It’s understandable that New Year’s resolutions get a bad rap. The inevitable February stories of people who’ve abandoned their resolutions sends a message of, “Why bother?”
Regardless of the time of year, however, it’s worthwhile to think about what you want and then do the work required to achieve it. Accomplishment feels good. It helps to give us a sense of purpose and autonomy. We’re more satisfied if we have some control over our destiny rather than believing we are at the mercy of events and other people.
Plus, a goal (or resolution, if you prefer) is usually something positive. Few people set resolutions of, “I resolve to be a less healthy, lazier and more unpleasant person.” Goals tend to be something to aspire to; they build rather than tear down.
However, it’s hard to maintain enthusiasm for goals if we don’t see progress. We need feedback—signals that tell us that we are on the right track. Ask anyone who has struggled with a strict diet how motivated they are if, despite all efforts, they’ve gained a few pounds. Without positive feedback, motivation can slip away.
So this year, I have a suggestion for you. Don’t make a resolution. Instead, set up a system that will help you progress in whatever direction is important to you.
For example, instead of “I will lose 10 pounds” (goal) try “I will eat a healthy breakfast daily” (system). Then, make the system work by having healthy breakfast foods available.
Here are a few more examples to give you the idea. Instead of, “I’ll finish my family tree” try “Five days a week, I’ll spend one hour a day working on genealogy.”
Instead of “I’ll get a better job” try “Every week, I will reach out to one person who can help me make progress.” Instead of “I’ll save x number of dollars by year’s end” try “Each day, I will keep track and record every dollar I spend.”
This approach could even be effective for improving relationships. For example, instead of, “I resolve to have a better relationship with my spouse, children, etc.” you could try, “Each day, I will do one thing to bring a smile to the face of a person I care about.”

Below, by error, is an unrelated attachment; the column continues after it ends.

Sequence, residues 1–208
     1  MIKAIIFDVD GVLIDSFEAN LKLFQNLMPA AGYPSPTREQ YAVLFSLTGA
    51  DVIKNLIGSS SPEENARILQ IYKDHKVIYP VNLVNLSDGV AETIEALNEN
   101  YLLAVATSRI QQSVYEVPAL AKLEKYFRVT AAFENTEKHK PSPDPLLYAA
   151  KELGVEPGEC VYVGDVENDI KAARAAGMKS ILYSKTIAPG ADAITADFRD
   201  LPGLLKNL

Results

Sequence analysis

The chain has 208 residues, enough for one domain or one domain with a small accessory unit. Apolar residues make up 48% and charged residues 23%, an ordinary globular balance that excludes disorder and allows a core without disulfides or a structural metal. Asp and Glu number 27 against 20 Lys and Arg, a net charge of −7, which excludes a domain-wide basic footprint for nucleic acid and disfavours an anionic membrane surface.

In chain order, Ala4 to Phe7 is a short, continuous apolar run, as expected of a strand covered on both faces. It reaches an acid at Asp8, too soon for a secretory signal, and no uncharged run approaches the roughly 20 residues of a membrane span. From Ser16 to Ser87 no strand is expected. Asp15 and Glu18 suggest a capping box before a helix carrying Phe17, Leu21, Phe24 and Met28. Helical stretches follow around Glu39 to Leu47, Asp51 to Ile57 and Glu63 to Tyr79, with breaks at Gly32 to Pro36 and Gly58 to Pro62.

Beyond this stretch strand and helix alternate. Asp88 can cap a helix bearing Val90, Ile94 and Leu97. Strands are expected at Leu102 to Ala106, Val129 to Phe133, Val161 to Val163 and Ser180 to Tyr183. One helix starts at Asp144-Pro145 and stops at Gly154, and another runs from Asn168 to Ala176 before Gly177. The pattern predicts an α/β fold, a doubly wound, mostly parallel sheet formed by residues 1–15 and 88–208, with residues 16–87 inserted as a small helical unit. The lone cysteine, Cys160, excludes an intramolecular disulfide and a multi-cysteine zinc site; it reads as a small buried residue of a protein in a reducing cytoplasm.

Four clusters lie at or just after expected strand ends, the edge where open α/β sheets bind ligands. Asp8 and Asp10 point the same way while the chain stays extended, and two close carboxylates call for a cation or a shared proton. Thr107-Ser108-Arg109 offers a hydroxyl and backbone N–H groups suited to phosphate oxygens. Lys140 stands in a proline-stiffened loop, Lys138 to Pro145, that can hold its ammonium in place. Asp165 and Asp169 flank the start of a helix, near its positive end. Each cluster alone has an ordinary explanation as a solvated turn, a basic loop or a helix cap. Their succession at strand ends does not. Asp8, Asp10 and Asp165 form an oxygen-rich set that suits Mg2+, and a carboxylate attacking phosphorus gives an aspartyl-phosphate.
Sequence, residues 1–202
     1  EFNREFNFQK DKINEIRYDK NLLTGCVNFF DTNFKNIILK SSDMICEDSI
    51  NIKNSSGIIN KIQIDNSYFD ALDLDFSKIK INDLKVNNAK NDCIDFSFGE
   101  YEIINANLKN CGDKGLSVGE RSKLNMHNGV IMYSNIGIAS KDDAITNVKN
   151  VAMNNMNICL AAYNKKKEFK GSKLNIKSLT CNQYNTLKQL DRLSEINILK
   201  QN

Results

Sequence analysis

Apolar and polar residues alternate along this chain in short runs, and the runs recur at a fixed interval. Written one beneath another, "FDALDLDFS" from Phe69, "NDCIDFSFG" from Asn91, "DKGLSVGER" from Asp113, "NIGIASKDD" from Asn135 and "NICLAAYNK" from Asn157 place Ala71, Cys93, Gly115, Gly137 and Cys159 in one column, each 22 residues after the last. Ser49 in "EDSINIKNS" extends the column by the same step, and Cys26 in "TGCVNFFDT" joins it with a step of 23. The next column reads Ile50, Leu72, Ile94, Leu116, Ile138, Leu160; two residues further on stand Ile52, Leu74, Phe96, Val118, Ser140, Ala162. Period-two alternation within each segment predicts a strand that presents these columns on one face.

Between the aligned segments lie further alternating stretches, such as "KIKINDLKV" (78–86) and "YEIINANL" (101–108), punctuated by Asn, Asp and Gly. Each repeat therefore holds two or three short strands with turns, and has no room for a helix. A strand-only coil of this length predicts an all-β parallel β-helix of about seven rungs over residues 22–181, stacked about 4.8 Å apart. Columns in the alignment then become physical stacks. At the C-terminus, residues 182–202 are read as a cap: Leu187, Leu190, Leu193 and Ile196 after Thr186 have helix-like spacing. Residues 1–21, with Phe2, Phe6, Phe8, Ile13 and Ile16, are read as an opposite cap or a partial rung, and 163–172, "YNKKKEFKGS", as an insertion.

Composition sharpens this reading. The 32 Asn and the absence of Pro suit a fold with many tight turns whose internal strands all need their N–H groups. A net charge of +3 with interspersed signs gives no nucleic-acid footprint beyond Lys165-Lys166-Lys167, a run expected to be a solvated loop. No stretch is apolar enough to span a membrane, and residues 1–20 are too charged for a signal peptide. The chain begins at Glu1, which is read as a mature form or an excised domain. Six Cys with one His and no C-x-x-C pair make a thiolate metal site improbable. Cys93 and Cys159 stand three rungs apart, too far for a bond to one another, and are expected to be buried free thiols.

The details of your system depend on you: what you are able to do and what you are prepared to repeat. The idea is simply to choose activities that you are prepared to do consistently and that lead you in the right direction.
Grand gestures and dramatic efforts can feel great when you do them. However, real progress often follows smaller, persistent efforts. Whether you’re a musician or a mathematician, accomplishment comes from consistently doing the work, one day after another.
Setting goals works for some people. If that doesn’t work for you, then try creating a system. Determine what you want, take that first step, and then persistently put one foot in front of the other. It’s not flashy. But doing the work of continuing in one direction will get you there and will help prevent you from getting distracted, side-tracked, or discouraged into giving up.
What do you think of setting up a system to get you where you want to go? Is it worth a try?
Welcome to Reality Check:
articles and observations inspired by the work of Dr. William Glasser
- Choosing Behaviour
- Choosing Perspective
- Control and Choice
- Develop Understanding
- Doing, Thinking, Feeling, Physiology
- How it is sometimes
- Love & Belonging
- Perception & Reality
- Personal Freedom